Research Interests

Trained as an interdisciplinary social psychologist, I have worked in sociology and social epidemiology to understand the impact of broader social structures and processes on individuals' attitudes, behavior, and well-being, and especially on their health. My and my colleagues' research has helped to demonstrate: first the adverse effects on health of occupational and other forms of stress; then how social relationships and supports can buffer or mitigate these deleterious health effects of stress and promote health more generally; and finally how stress, social relationships and supports, and a broad range of other social, psychological and behavioral factors help us to understand and explain socioeconomic and racial/ethnic disparities in health and the ways health changes over the adult life course. This has contributed to increasing recognition that reducing these social disparities in health is a major goal of public health research and policy and critical to improving overall population health. My current research and writing also seek to improve population health and reduce health disparities by increasing policy-relevant evidence and understanding that population health and health disparities are heavily a function of social, economic, psychological and behavioral factors as well as biomedical ones, and hence of social and economic policies as well as health policies.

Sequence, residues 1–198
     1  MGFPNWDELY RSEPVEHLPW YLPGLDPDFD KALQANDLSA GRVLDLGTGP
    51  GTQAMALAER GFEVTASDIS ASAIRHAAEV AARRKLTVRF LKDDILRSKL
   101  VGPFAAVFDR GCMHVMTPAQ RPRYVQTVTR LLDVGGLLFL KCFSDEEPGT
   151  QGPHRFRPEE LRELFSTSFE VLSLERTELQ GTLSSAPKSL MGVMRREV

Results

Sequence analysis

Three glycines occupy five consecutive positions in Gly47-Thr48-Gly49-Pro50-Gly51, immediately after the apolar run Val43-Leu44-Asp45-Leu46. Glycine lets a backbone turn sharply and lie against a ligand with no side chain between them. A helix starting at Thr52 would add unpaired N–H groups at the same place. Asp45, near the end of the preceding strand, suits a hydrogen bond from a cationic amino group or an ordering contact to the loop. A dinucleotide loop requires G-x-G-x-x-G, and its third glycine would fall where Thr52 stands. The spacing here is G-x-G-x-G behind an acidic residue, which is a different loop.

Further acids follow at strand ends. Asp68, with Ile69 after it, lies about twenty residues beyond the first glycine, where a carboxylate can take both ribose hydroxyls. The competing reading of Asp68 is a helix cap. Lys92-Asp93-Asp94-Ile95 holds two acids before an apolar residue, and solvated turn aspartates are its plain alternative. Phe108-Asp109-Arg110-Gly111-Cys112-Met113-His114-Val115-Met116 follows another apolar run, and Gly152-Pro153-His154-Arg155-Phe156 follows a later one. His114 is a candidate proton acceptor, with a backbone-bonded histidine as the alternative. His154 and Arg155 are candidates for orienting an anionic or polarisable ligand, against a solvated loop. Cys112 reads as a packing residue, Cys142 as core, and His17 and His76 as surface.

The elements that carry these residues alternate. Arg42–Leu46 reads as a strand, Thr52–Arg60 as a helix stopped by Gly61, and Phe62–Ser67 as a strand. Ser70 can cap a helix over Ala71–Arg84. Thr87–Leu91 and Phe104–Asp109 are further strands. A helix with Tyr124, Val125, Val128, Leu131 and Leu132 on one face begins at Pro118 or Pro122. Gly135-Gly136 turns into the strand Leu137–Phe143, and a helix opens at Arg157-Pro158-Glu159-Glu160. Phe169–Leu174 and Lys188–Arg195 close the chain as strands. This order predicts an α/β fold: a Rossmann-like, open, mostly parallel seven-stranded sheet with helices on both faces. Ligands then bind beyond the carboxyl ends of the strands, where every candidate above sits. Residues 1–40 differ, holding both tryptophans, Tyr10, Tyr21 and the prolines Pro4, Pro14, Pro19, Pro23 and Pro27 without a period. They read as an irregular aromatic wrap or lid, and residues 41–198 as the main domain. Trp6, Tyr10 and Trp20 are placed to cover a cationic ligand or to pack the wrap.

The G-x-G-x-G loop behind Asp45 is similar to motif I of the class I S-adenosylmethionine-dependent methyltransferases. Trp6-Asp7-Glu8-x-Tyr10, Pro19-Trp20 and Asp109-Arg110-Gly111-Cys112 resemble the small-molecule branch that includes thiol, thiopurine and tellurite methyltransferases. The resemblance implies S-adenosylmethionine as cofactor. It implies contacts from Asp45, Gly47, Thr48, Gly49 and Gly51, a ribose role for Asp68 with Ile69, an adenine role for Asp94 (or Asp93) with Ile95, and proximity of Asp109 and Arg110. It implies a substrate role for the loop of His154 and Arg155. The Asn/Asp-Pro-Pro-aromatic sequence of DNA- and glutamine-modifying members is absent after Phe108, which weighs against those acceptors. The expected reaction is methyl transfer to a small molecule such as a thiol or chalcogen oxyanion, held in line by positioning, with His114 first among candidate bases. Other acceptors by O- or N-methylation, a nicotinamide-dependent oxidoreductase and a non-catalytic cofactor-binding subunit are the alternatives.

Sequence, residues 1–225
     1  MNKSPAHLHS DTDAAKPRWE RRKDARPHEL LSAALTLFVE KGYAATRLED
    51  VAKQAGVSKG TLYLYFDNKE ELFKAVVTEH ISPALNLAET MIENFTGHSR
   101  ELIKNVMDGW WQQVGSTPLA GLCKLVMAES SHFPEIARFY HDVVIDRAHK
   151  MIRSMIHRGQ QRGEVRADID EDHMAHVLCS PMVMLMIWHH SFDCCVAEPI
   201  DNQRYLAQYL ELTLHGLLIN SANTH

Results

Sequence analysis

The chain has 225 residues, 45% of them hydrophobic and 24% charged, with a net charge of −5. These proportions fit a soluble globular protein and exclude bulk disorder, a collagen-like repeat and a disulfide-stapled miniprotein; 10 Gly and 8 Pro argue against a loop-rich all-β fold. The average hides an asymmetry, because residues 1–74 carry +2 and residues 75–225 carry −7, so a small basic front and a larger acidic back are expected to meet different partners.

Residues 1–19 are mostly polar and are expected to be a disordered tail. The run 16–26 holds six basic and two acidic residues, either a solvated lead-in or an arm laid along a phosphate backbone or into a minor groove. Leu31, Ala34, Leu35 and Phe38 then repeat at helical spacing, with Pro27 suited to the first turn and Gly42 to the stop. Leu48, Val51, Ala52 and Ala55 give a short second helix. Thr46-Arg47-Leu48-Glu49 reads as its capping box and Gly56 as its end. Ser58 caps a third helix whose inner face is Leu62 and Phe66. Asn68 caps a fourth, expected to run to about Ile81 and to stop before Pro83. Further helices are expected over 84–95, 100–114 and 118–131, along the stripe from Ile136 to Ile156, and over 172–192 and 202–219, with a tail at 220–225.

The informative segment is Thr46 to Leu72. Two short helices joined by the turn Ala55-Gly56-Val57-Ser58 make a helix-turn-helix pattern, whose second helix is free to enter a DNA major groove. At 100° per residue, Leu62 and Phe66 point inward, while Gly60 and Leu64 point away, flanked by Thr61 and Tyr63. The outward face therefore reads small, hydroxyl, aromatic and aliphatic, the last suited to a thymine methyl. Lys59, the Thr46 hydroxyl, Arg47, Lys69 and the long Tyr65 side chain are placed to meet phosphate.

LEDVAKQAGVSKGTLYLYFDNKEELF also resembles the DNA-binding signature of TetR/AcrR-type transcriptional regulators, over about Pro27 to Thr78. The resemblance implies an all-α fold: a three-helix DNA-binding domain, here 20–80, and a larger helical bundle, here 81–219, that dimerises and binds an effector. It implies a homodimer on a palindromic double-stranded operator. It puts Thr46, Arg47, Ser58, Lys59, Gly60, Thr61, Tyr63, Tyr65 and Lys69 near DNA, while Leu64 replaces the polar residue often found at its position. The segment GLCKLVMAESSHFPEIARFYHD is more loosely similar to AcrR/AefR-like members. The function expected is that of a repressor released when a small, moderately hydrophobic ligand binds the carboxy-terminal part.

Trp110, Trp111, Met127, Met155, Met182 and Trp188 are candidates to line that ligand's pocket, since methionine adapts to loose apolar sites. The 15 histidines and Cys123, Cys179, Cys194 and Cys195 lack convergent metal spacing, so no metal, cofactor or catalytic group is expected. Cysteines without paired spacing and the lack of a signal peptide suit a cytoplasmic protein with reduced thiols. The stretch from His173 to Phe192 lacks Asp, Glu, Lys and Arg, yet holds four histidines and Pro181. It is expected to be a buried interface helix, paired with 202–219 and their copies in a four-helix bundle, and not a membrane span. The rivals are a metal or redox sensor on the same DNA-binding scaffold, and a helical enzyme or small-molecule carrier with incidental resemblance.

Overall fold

Membership Type


Election Year


Primary Section

Section 53: Social and Political Sciences

Secondary Section

Section 52: Psychological and Cognitive Sciences